Two Essential Questions You Must Answer Before Accomplishing Anything

I was at the gym a few weeks ago when a young man approached me just after I had finished my squats. He explained that he was a beginner in the gym and asked about the best way to progress toward being able to lift an impressive amount of weight.

“Oh, that’s easy — just keep following your 5×5 program and…”

I stopped myself.

“Sorry, I misspoke. It’s simple, not easy. Just keep following your program consistently, push yourself, and good things will happen.”

I walked away from the interaction pondering what I had just said. My correction was only subtly different from my original statement, but I believe it advocated a completely different mindset. Humans are wired to take the path of least resistance, and there are few things worth accomplishing that are actually easy to do. There are clearly two are clearly two different spectrums to consider when evaluating the method of accomplishing a goal. The questions you will ask yourself are:

Is it easy or hard?

Is it simple or complicated?

Easy vs. Hard describes the distance to the goal. Something is easy if it is tangible, immediate, and low-effort. Things that are hard require sustained effort and go against our natural state of intertia. There are few “Easy” things to do that will set you apart from the average person, because if it were easy everyone would do it.

The other spectrum, Simple vs. Complicated, describes the complexity of the solution. I have found that my best accomplishments are borne out of habits that are relatively repeatable and easily communicated. Complicated things require more explanation, more nuance, and are easier to forget or ignore due to the many steps involved. When you are evaluating different paths to a goal, this is how you may see the combination of these factors out:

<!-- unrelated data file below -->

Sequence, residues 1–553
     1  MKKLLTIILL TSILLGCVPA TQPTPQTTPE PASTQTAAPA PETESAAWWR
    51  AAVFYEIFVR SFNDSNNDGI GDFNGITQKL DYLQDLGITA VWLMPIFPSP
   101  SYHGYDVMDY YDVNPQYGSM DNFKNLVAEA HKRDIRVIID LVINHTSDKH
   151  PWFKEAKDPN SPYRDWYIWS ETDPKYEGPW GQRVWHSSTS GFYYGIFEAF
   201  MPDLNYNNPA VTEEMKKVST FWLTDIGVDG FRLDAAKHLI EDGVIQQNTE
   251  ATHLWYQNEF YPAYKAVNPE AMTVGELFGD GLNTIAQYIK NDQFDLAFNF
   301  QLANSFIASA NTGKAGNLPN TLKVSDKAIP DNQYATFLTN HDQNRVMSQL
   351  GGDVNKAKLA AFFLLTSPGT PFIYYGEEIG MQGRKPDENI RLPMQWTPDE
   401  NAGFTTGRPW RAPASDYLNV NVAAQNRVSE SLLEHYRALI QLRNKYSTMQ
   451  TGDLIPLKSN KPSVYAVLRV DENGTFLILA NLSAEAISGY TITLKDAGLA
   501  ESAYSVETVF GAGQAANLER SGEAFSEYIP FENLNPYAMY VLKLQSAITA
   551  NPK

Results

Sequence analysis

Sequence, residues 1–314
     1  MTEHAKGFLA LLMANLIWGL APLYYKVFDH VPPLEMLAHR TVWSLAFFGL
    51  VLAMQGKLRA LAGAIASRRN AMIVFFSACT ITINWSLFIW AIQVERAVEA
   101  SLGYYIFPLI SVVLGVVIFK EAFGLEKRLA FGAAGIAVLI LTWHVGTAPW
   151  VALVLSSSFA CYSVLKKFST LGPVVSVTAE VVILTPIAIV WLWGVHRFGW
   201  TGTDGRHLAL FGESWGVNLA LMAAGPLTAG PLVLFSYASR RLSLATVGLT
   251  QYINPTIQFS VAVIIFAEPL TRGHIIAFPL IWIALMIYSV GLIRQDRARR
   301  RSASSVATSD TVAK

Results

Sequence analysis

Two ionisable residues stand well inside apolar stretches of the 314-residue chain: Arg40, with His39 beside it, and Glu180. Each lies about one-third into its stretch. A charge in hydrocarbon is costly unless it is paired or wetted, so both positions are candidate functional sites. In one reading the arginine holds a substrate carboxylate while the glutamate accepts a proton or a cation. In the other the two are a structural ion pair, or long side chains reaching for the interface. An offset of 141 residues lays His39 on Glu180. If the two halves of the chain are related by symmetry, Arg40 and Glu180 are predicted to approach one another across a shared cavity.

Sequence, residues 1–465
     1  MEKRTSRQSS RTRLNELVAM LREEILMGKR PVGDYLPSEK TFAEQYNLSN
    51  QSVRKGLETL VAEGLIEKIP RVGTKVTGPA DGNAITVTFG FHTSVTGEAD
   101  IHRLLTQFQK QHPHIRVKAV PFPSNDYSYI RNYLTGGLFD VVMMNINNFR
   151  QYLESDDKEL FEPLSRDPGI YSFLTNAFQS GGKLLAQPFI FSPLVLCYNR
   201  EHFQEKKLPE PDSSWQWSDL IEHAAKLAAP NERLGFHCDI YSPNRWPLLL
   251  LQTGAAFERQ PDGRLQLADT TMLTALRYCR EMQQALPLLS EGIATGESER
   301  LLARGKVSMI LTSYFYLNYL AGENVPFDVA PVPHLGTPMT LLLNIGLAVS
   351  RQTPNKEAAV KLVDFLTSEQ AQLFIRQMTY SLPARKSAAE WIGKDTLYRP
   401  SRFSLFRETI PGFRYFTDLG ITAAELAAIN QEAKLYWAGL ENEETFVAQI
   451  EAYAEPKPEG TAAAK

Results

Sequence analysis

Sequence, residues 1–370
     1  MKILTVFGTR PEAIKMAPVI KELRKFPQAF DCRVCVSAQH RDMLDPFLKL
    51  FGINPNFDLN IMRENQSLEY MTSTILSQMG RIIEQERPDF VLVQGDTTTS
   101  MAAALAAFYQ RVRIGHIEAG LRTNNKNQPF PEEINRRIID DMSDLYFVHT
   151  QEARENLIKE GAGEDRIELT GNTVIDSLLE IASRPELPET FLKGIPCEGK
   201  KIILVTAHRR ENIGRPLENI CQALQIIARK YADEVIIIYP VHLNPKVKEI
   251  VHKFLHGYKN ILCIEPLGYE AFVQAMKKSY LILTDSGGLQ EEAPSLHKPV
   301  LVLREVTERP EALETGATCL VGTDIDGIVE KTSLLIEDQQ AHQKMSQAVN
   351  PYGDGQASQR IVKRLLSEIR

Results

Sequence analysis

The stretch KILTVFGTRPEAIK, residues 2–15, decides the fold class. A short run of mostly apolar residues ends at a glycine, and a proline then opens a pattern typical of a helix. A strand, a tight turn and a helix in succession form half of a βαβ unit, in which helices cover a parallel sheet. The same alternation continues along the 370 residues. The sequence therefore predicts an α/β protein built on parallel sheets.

Easy and Simple

If your life is a bank account, the Easy-Simple situations are the withdrawals that, over the course of time, will leave you broke. It’s both simple and easy to get fast food — just head to the drive-thru and hand over your money, and you can be eating delicious poison within minutes. It’s easy and simple to play video games, or lurk on online dating sites from the comfort of your home. These solutions are accessible and require little dedication. The exception here is the direct solution to fixing a minor problem — supplementing zinc to fix a deficiency, for example. However, any large-scale change (rather than just a hack) that is marketed as Simple and Easy is likely fake.

Easy and Complicated

The wisdom to recognize these deceptive situations is of paramount importance. Easy-Complicated situations often contain a needless number of details, but promising quick and reliable results without putting in much work. In other words, this is the domain of marketing gurus. Pyramid schemes, goofy exercises, and workout supplements come to mind as things with mechanisms that are difficult to explain but supposedly require low amounts of effort to show results. The complexity of these solutions is often baked in to distract you from seeing the true hard (but simple) solution.

Hard and Complicated

Some things worth doing will fall into this category—achieving mastery, rather than competency, in an area is often Hard-Complicated. However, for the majority of life’s goals, a solution in this quadrant means you are not taking the most efficient path to your goal. Which brings us to…

Hard and Simple

These are the solutions you should search out for most of your problems. We live in a world where most goals have an established blueprint for success, and more often than not these steps are easily communicated in a few sentences. However, the implementation of the advice will require dedication, sweat, perseverance that few are willing to muster. Want to build muscle? Start a business? Improve your diet? Make more money? These things all have fairly simple steps, but require significant effort to execute over the long term. Key indicators for these methods is that they are sustainable and easy to summarize, but you must fight against your inner inertia to do them over the long term. They also tend to show small but incremental returns that help verify their worth